CPR administered and non-administered arbitration rules already provide for time requirements which limit the length of proceedings. Users of CPR arbitration often customize their arbitration clauses to further limit these time requirements. In 2006, CPR also promulgated a fast-track procedure to supplement the non-administered arbitration rules. Parties can agree to this procedure to shorten the time requirements provided for under the rules and limit certain other procedural aspects, such as disclosure and the number of arbitrators, to expedite their proceeding.

oatun

Olivier P. André making his remarks during the session.

Besides the CPR’s Fast Track Arbitration Rules, CPR also offers to users two other set of rules that provide for expedited arbitration procedures: The CPR Rules for Expedited Arbitration of Construction Disputes, and the CPR’s Global Rules for Accelerated Commercial Arbitration. In addition, CPR’s committees, which are composed of representatives from different stakeholders involved in the arbitration process, often discuss ways to improve the arbitration process in general and in specific industries.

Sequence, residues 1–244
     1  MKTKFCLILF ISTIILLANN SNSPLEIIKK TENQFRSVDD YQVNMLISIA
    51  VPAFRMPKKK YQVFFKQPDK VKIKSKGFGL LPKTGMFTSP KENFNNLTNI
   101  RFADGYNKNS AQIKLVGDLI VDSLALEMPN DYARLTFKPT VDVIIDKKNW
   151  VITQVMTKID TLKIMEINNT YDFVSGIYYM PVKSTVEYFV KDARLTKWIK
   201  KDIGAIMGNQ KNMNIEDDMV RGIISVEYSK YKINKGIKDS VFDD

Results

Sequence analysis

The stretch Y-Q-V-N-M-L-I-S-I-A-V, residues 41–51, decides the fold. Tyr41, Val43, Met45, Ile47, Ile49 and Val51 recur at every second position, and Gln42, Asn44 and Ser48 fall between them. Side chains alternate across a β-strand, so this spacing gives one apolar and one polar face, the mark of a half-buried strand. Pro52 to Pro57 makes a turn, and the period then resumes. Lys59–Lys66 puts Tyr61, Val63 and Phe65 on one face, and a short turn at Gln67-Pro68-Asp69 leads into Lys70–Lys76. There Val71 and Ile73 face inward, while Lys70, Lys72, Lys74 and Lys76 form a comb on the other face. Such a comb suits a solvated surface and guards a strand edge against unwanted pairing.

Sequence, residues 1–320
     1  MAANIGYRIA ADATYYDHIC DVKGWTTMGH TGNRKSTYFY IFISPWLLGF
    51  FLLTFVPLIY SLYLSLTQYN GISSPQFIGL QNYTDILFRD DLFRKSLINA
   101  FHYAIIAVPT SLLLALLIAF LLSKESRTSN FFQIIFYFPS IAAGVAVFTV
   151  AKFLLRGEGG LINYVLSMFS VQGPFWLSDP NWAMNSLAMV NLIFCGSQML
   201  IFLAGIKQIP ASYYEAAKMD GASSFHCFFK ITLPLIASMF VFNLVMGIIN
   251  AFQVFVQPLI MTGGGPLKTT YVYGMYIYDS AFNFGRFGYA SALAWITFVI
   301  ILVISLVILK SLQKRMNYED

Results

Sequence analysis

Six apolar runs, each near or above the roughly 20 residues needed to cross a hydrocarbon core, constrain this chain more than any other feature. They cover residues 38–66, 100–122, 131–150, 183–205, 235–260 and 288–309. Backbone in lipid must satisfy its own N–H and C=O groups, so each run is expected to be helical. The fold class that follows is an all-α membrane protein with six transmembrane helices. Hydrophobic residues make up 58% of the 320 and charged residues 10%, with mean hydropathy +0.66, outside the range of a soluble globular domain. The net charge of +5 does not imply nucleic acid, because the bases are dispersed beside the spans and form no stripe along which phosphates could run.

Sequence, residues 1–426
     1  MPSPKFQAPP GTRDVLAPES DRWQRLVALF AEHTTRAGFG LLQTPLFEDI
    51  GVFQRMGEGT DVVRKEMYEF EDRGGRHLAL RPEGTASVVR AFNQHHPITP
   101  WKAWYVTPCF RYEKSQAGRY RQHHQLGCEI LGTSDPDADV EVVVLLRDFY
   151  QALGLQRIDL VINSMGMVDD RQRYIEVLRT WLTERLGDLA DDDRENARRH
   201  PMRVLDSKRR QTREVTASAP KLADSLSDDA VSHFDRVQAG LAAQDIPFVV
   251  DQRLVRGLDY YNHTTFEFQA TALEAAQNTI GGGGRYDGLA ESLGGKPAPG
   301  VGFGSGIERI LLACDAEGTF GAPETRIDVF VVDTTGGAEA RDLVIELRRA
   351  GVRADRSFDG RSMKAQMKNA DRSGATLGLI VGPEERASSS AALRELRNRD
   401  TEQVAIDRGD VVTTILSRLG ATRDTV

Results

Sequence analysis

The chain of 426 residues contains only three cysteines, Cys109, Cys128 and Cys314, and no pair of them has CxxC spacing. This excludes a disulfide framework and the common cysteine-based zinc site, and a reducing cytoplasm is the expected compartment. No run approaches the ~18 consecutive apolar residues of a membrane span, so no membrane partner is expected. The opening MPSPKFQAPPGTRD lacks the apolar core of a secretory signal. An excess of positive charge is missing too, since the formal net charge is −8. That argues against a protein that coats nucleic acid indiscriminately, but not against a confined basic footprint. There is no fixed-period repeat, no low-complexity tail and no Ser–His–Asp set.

By the end of the week’s discussion, Working Group II was able to find a consensus in many of the key aspects of expedited arbitration discussed, such as reasoned vs. unreasoned awards, monetary thresholds, and number of arbitrators for expedited arbitration.

Several questions, however, are still open to discussion for the next Working Group II session. For example, what will be the form of the group’s work? And will this international framework be applied to arbitration in general, or specific to international commercial arbitration?

The next session of the UNCITRAL Working Group II is preliminarily scheduled to take place from Sept. 30 to Oct. 4, 2019, at the United Nations in Vienna. CPR is looking forward to continuing to contribute to the efforts.